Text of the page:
Interview: Kate McGill

Kate McGill is hoping to follow in the footsteps of the likes of Justin Bieber, who found fame through the internet. Mark Butler met her.

In many respects, young singer-songwriter Kate McGill represents a new kind of emerging music star.

She’s a product of the internet generation; an independent, YouTube phenomenon who made her name uploading self-made music videos from her bedroom. For McGill – whose acoustic covers and compositions have been viewed by millions on the web – acquiring an audience through the internet allows a level of creative freedom and independence that just can’t be attained in the conventional music industry.

Hide Ad
Hide Ad

“The big plus point is that there’s no middle man, and you can literally write whatever you want and just put it out there,” says the 21-year-old. “It gives you complete creative freedom.

“I think the internet helps people build an even stronger connection with musicians too. I have such a personal connection with the supporters I have. For some artists, the web is just a way of selling more records. For me, it’s about talking to people.”

McGill’s desire to plough her own furrow also extends to the unconventional way in which she is releasing her debut album, Replaced. The limited edition CD will be available exclusively through coffee chain Caffe Nero – with those buying it getting a free drink into the bargain. The Plymouth performer is embarking on a whirlwind tour of the chain’s coffee shops, calling at Wakefield, York, Harrogate and Leeds as part of a grueling schedule that takes in 34 shows in 24 days – daunting considering she has only ever played 40 gigs in her entire life to date.

“I don’t know how the hell I’m going to manage it,” she laughs. “I’ve never done this much singing in the space of a few weeks. I’ll just have to eat loads of throat sweets.”

Hide Ad
Hide Ad

For an artist who has built her reputation on independent, DIY promotion through the internet, a deal with a corporate entity like Caffe Nero is likely to lead to accusations that she has ‘sold out’. But McGill has little time for such claims.

“I’m not worried about people accusing me of that. People can think what they want. I know I’ve done everything my way. Every decision has gone through me. My whole career hasn’t been normal by any means, so it just seems to fit.”

McGill’s story so far seems to embody the changes that modern music has undergone in the wake of the internet revolution – with individuals able to acquire a worldwide fanbase without leaving their own home. Raised on the rollicking folk-punk music of The Pogues, McGill was taught the basics of the piano by her father as a child, before picking up a cheap guitar at the age of thirteen and teaching herself how to play.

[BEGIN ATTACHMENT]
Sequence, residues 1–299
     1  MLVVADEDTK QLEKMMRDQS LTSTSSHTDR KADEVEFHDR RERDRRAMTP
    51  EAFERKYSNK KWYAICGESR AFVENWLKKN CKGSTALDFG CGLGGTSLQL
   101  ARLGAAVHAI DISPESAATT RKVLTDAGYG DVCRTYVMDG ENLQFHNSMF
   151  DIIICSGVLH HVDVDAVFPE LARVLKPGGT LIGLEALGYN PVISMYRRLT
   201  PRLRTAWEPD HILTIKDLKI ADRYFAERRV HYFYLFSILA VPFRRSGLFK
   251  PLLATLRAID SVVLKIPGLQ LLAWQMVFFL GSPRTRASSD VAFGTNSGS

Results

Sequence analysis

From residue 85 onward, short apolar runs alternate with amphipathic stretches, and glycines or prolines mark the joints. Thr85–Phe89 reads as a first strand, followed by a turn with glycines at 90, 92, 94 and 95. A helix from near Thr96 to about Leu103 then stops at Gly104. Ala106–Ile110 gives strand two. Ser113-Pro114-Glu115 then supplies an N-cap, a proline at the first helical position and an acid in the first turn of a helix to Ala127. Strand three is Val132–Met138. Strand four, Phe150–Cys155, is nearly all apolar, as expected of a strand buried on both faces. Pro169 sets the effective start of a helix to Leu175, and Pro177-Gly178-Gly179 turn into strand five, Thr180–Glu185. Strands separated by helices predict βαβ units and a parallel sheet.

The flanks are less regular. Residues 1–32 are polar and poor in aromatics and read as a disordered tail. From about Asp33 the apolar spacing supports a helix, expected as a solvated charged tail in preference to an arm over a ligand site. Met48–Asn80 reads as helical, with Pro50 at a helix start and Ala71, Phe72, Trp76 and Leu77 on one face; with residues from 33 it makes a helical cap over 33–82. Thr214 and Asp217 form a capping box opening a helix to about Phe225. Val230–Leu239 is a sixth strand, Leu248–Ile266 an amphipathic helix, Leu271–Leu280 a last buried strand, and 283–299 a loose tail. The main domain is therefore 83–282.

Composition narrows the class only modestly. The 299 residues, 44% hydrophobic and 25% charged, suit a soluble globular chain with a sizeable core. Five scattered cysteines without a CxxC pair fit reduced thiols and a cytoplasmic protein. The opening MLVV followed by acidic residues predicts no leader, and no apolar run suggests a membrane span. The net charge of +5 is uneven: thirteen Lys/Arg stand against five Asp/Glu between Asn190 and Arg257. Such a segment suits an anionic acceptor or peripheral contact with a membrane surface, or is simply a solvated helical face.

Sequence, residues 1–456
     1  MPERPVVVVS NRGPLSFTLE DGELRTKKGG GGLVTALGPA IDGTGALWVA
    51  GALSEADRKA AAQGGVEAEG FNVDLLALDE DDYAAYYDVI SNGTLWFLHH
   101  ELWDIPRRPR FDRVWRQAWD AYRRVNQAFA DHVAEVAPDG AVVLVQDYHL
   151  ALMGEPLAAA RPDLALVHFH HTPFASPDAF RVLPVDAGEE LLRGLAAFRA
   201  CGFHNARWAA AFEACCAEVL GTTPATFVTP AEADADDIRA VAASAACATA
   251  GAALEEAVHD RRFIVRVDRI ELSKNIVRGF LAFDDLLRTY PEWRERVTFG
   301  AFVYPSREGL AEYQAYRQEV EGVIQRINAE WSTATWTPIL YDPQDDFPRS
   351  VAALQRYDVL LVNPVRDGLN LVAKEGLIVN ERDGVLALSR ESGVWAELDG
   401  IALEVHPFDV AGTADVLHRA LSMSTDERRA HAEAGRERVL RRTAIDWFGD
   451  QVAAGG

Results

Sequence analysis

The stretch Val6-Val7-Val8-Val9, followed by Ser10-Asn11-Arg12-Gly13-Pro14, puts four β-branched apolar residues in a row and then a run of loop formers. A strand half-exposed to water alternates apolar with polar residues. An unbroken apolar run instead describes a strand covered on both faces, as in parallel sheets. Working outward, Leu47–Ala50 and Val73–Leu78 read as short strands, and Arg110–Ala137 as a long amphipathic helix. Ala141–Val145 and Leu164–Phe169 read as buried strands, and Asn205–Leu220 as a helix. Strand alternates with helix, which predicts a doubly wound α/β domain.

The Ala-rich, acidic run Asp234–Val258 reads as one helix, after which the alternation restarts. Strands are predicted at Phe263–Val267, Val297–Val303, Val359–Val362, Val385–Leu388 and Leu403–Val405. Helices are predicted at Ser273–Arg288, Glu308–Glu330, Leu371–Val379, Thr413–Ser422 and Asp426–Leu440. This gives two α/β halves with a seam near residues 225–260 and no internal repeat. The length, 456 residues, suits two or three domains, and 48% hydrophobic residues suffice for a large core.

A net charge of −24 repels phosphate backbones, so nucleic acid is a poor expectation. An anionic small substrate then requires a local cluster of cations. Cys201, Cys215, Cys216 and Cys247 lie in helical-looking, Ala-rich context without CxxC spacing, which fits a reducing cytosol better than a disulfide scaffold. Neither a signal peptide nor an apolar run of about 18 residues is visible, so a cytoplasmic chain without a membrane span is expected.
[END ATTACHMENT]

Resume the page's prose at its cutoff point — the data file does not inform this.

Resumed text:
It was as a 17-year-old that she first decided to film herself performing a song – a cover of Bright Eyes’ Landlocked Blues – and upload it to video-sharing website YouTube.

Hide Ad
Hide Ad

Thousands viewed it; she was getting comments from around the world and she was being approached by her current manager.

A hundred videos later and with more than 120,000 subscribers to her regular channel, McGill is big online news.

“A lot of it is down to luck,” she says. “There are so many talented people on YouTube who don’t get any recognition. But some people do stand out for various reasons.

“From day one if I made a mistake while playing I’d leave it in, and I’d talk to people at the end of videos. It showed people my personality, and I think that helped me get noticed.

Hide Ad
Hide Ad

“People can see all your flaws, but that just makes it a lot more real. I keep people updated on what I’m up to as well as playing music, so I feel as though people actually know me now.”

That said, there are drawbacks to being an internet star.

“People don’t think of you as a ‘proper artist’,” explains McGill. “You just get seen as ‘that YouTube girl’. Hopefully, as it becomes more typical for people like me to break out, I think that will start to change.”

Replaced is out now and available as a limited edition CD from Caffe Nero and as a digital download from iTunes.

Kate McGill plays Caffe Nero branches at Oct 13: Wakefield, 2.30pm, York, Coppergate, 6pm. Oct 14: Harrogate, 2.30pm, Leeds Park Row, 6pm.

Kate McGill’s internet stardom and rise to fame

Hide Ad
Hide Ad

In 2007 the 17-year-old Kate McGill uploaded a video. Within hours she had attracted international attention, and was approached by her current manager.

The following year she began writing material and posted more videos. Today she has more than 136,000 subscribers to her YouTube channel and her videos have amassed nearly 24 million total views. McGill’s debut album Replaced was written and recorded in Los Angeles.

Her rise mirrors that of household names Little Boots and Justin Bieber.